Pope Francis’ pontificate is now turning toward a new phase. The Nov. 28 consistory was both a watershed and a new impetus. For Pope Francis, this impetus should lead to the final stage of his project for the renewal of the Church.
Even people who know Pope Francis well cannot describe his renewal project in depth. They only say: “The Pope never thinks of today only. He thinks about the next ten years.” Pope Francis’ general plan can be deduced, though: the Pope wants a less triumphant and more pastoral Church. However, letting go of some triumphalism might lead to tearing down the institution without considering what was good in them. It is possible that, at one point, the Pope might understand the usefulness of institutional things he has destroyed. Rebuilding them is not that easy, though.
If this is the general view, in practice, Pope Francis made his vision concrete with trials and errors, without a real working plan. Even Fr. Antonio Spadaro, known as one of his closest interpreters, recently wrote a piece to explain that the pontificate has not lost its driving force.
What is this driving force about? There will be the Curia reform, first. However, the Curia reform completion will not be a crucial moment since Pope Francis has already put into practice many parts of the reform: there are already new and functioning dicasteries, other dicasteries merged, and the Pope is already letting people go after a 5-year mandate. There are exceptions, though. Things will be this way until the Pope does not shape things up definitively.
Beyond the Curia reform, the Vatican’s top ranks are experiencing a generational shift. This shift will mark the changes.
The creation of Fr. Mauro Gambetti as Cardinal was particularly striking. Gambetti was the exiting Custodian of the Sacred Convent of Assisi. Cardinal Gambetti was assigned the deaconry of the Most Holy Name of Mary at the Forum Traianum, a church close to the Basilica of the Holy Apostles, under the Conventual Franciscans. This assignment is significant.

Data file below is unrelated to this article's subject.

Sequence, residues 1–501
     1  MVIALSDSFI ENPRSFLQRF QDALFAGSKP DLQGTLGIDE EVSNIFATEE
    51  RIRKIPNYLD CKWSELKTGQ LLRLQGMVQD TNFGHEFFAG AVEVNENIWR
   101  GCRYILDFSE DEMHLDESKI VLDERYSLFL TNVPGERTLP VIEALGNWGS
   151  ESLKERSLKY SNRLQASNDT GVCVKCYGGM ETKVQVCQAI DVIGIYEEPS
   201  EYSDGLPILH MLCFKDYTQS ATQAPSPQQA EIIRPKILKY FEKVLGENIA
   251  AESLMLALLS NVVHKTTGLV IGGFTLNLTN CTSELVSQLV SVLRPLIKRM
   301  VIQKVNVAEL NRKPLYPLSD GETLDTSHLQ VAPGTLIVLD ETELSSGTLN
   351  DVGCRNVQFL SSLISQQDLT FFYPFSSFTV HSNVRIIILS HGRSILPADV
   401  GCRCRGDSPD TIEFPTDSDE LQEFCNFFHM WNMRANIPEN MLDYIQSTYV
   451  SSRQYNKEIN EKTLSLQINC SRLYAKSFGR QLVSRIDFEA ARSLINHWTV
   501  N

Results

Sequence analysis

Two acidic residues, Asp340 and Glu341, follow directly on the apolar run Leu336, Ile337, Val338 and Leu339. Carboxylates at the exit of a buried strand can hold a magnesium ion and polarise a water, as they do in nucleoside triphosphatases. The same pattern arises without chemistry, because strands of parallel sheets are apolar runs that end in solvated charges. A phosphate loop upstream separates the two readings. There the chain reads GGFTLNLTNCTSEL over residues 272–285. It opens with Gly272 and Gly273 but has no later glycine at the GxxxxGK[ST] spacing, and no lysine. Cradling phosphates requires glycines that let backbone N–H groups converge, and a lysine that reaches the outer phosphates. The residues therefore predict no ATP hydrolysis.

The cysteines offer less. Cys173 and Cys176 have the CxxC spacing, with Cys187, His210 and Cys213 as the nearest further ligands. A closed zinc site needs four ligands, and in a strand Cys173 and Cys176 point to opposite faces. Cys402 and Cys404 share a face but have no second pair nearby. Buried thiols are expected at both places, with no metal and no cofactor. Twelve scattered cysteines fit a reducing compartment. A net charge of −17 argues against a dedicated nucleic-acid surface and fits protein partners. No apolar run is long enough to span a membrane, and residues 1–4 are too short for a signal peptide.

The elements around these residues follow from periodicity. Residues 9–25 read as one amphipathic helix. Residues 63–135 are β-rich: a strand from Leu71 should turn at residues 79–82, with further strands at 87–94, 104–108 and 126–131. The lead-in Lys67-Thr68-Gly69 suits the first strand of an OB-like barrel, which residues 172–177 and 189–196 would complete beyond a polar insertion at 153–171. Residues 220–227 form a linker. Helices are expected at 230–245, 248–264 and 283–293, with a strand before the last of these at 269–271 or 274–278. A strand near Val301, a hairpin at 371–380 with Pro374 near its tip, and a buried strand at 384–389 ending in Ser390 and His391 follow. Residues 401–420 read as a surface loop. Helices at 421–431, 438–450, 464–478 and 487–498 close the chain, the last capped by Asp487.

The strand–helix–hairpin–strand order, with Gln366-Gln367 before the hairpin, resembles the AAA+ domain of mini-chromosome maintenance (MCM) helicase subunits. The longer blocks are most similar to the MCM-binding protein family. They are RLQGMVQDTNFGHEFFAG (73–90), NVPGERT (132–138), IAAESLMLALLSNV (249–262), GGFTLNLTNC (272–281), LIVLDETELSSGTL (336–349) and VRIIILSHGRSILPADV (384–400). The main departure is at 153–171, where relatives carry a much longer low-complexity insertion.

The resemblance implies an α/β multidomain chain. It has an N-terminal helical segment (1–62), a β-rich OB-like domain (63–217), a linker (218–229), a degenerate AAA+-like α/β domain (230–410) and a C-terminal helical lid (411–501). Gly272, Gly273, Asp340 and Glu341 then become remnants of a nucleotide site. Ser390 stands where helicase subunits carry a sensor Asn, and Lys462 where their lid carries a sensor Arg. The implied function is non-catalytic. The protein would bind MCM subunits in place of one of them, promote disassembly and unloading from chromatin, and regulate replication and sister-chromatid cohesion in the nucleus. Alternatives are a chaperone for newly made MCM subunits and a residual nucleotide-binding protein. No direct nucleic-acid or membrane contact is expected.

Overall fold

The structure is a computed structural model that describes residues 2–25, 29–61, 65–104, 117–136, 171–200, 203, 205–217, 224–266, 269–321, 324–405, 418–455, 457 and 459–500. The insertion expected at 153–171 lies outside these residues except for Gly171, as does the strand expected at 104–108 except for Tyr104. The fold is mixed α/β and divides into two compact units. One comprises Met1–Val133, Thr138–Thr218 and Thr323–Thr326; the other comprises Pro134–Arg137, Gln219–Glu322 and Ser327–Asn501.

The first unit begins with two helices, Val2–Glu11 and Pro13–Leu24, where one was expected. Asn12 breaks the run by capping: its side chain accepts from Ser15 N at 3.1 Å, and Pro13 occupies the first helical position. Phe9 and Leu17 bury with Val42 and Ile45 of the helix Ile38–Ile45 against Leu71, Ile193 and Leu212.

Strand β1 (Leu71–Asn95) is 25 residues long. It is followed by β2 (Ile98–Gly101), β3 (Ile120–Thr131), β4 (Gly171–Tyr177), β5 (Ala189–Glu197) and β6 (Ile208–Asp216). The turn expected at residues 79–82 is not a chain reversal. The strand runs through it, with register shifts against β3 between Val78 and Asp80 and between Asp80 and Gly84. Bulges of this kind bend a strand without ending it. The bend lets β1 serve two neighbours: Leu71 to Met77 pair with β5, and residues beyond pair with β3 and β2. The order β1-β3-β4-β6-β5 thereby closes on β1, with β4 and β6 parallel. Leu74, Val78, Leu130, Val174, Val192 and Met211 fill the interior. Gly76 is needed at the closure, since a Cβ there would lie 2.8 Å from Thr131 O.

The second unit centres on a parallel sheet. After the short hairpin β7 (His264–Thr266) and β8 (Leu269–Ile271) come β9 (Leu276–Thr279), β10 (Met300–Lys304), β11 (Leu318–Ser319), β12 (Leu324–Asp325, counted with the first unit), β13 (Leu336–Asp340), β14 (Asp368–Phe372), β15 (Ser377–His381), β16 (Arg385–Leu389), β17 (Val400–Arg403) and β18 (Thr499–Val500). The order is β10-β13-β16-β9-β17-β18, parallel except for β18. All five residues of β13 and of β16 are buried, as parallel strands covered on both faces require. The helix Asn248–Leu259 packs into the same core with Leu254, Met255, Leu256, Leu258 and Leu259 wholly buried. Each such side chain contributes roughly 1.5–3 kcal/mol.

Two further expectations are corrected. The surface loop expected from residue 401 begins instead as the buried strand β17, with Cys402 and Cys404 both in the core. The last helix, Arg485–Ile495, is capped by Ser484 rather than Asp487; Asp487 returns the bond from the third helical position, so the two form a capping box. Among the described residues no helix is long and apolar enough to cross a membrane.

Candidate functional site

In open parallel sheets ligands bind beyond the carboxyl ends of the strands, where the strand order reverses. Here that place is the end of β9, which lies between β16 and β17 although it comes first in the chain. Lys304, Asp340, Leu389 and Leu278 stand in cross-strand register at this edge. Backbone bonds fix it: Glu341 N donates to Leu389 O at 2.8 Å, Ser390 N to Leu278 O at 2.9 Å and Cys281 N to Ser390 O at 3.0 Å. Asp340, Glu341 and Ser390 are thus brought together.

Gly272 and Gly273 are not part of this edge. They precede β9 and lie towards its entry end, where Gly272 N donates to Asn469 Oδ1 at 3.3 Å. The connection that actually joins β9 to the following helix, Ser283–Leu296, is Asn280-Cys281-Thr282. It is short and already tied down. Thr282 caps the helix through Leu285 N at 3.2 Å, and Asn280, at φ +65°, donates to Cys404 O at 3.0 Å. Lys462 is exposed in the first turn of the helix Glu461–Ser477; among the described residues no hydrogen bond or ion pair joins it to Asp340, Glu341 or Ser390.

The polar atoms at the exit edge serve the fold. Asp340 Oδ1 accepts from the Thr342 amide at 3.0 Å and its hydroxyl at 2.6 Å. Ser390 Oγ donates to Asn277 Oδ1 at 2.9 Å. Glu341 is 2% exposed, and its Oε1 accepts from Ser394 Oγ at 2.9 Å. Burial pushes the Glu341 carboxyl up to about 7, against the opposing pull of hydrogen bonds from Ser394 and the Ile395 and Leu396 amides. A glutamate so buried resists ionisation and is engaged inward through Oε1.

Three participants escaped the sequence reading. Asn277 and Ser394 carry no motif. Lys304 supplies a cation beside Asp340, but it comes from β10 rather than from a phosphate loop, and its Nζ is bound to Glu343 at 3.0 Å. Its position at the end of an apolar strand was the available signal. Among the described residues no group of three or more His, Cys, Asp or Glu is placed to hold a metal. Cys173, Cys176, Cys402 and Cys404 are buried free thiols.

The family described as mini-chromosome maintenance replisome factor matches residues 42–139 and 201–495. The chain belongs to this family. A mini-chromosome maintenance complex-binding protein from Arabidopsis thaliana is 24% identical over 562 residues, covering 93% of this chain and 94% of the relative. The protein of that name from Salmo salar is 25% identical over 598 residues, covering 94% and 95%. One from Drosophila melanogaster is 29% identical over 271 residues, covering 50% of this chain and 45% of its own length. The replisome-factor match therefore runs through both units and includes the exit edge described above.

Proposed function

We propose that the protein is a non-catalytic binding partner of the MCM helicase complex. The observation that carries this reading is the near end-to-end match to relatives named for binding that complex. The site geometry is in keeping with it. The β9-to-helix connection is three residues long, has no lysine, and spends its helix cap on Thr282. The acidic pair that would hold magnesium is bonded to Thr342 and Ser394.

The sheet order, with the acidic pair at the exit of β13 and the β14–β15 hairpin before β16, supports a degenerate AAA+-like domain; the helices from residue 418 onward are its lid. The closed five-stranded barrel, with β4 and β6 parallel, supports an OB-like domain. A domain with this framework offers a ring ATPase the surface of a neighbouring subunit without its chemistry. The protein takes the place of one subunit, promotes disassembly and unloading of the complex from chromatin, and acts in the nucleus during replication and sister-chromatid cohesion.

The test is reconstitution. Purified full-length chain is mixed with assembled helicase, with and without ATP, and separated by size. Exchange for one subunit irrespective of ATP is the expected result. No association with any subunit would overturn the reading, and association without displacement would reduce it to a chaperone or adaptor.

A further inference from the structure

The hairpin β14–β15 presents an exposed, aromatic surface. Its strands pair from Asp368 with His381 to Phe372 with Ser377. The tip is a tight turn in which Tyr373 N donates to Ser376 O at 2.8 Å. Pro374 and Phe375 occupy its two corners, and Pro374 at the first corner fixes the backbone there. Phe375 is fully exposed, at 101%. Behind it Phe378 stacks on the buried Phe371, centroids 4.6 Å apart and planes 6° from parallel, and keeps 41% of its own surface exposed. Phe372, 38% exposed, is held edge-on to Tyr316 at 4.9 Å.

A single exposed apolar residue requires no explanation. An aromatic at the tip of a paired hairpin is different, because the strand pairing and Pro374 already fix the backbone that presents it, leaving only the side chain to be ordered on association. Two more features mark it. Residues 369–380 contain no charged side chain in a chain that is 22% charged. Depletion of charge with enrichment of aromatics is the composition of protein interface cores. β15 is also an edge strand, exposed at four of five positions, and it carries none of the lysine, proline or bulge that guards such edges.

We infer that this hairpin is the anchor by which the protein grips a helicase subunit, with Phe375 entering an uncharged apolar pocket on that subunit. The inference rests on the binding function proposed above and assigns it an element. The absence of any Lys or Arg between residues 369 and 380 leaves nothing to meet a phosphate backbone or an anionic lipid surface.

Every Cardinal must be linked to a church in Rome since he has to be part of Rome’s clergy and connected with the Pope, as the Pope’s collaborators. Cardinals have ranks: they can be cardinal deacons, cardinal priests, or cardinal bishops. All the cardinals are archbishop, but the ranks date back to a moment, in ancient times, when the cardinals actually worked in Rome.
A deaconry means that the Cardinal actually works in Rome – while cardinal priests are in general residential archbishops. Since Cardinal Gambetti has no current assignments, it is more than likely that he will have a position in Rome.
There are many dicasteries whose presidents are going to retire. However, rumors say that Cardinal Gambetti will be appointed Archpriest of St. Peter’s Basilica. Cardinal Gambetti would replace Cardinal Angelo Comastri, who turned 77, who is two years beyond the retirement age.
One clue of this upcoming appointment is that Pope Francis called for the postponement of the election of the members of the Chapter of St. Peter, the college of priests that governs the Basilica under the guidance of the archpriest. The elections were supposed to take place at the end of the summer or during the fall, but the Pope asked to hold them after Jan. 11. Cardinal Gambetti will likely be announced as the new Archpriest on Dec. 8. It is also likely that Cardinal Comastri will keep the position during Christmas time, to celebrate Christmas in the Basilica.
Cardinal Gambetti will have the task to make the basilica “more a place of prayer and less a museum,” according to a definition attributed to Cardinal Konrad Krajewski, the Papal Almoner. The truth is that, behind all gossip, there are also internal discussions about the liturgies celebrated in the Basilica, which split between conservatives and progressives.
These are minor issues, but they are noteworthy to understand the venom periods ongoing in the Vatican. Pope Francis also wanted the Fabric of St. Peter to be under the commissioner, with an unprecedented decision. This decision is born out of these internal discussions that led to gossip brought to the Pope’s table.